And after sunset on Holy Saturday is the Easter Vigil Mass - the richest, most wonderful liturgy on the entire Church calendar. I won't bore you with all the details, but it begins in darkness. The Easter candle is blessed, and the fire from the Easter candle is distributed to everyone in the church, as they light their candles from its flame, until the church is lit by the light of all the candles. The candles are extinguished, and the Exsultet - the ancient Christian Hymn of Victory - is sung, followed by a series of readings (in our parish, we usually do three readings, but there could be as many as seven), which collectively tell the story of Salvation History - typically beginning with God's creation of the world, and including the story of the Exodus, and a passage from one of the prophets. After this, the lights are turned on (in symbolism of passing from the Old Testament to the New, and the Advent of Christ, and His Resurrection) and the Gloria is sung, followed by a reading from one of the New Testament Epistles, and a reading from the Gospel.

The Easter Vigil is also when people are typically received into the Catholic Church, and baptisms and confirmations are also included in the liturgy. This year, our family has been 'instructing' a young man, in preparation of his being received into the Catholic Church. A friend of 4M's decided he wanted to become Catholic, but there wasn't a 'neat' way to handle his instruction - he was too old to just include him in the regular confirmation class (typically 8th/9th graders), but still a bit young to just have him follow the regular 'adult' course of instruction. So, they asked our family if we could just handle his instruction, and for the past several months, we've had him over every Sunday to join our family for brunch, and then we retire to the 'study' for the week's instruction. And this Saturday evening, at the Easter Vigil, it all comes to its culmination, and our young friend will enter into life as a confirmed Catholic Christian. It has been a rich and rewarding time for our family (it always seems that you learn as much, or more, by teaching something, as you do from being taught), as well as for him.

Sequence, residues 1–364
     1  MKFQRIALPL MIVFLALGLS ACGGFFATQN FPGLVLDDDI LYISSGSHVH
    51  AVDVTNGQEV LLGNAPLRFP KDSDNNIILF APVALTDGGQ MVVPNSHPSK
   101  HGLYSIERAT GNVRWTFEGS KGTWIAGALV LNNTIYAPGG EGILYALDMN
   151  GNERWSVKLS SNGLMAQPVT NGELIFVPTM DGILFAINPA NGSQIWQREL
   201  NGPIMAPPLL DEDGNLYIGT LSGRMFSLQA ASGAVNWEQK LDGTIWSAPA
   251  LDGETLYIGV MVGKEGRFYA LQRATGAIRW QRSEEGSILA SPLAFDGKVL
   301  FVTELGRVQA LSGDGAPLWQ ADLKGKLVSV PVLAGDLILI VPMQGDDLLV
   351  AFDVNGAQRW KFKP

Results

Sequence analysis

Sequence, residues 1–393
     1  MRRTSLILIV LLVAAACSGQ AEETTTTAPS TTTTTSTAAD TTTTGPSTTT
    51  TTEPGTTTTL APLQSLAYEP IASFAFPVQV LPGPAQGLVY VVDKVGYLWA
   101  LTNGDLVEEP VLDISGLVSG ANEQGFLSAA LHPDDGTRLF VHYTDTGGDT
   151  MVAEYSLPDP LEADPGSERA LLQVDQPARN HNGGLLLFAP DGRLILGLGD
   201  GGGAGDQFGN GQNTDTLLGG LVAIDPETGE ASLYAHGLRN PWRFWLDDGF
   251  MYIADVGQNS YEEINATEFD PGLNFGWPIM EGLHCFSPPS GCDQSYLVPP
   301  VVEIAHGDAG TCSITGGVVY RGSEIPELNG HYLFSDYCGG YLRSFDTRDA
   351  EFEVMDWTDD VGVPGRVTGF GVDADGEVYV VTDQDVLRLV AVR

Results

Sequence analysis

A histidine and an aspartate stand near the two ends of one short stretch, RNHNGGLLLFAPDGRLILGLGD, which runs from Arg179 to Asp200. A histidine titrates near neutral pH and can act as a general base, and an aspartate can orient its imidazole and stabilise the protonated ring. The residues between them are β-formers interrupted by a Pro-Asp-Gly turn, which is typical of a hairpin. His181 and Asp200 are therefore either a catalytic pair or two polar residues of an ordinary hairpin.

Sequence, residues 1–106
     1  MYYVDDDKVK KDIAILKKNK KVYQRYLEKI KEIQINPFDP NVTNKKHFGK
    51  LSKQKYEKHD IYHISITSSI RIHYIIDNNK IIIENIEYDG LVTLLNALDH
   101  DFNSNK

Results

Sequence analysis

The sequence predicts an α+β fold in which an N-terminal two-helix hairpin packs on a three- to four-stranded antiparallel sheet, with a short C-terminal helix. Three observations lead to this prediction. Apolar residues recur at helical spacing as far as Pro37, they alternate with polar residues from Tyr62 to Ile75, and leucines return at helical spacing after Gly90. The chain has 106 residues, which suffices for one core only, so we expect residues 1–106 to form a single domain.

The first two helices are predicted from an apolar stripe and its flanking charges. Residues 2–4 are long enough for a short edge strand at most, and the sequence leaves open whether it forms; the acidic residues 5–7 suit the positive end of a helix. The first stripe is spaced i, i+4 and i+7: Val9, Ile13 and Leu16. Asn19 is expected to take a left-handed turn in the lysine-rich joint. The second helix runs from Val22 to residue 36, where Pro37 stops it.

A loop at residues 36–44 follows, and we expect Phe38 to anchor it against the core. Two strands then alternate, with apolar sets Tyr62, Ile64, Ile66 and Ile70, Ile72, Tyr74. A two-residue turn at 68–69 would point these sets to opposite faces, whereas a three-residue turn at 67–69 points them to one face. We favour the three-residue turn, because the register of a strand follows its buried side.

Sunday, we'll host as many members of Molly's family as come, for Easter dinner, and family celebration - Easter baskets for the kids (over the years, Molly has developed a tradition of a 'hunt' for the Easter baskets, using Bible verses as clues, the final one leading them to where the baskets are stored), and a dinner of roast lamb (the Lamb of God, who takes away the sins of the world, dontcha know).

All together, it's just a wonderfully rich time in the life of our family, and the Catholic Church more generally. Blessings to all of you, whether Catholic or not, during, and through, the holy days to come. . .

Thursday, April 2, 2009

In Dying We Are Born to Eternal Life

For many years (going back at least to when 1F was a small child), I have been, in my parish church, what is called a cantor. It isn’t a terribly demanding role – mainly, I just lead the congregation in singing/chanting a few of the liturgical prayers during Sunday Mass – but it is a pretty visible one. And, from time to time, being a cantor has its wonderful, humbling perks, as when I get to sing the Exsultet, the ancient Christian hymn of victory, at the Easter Vigil Mass (the richest, most wonderful liturgy of the entire Church calendar) – “Rejoice, heavenly powers! Sing, choirs of angels! Exult, all creation around God’s throne! Jesus Christ, our King, is risen! Sound the trumpet of salvation!”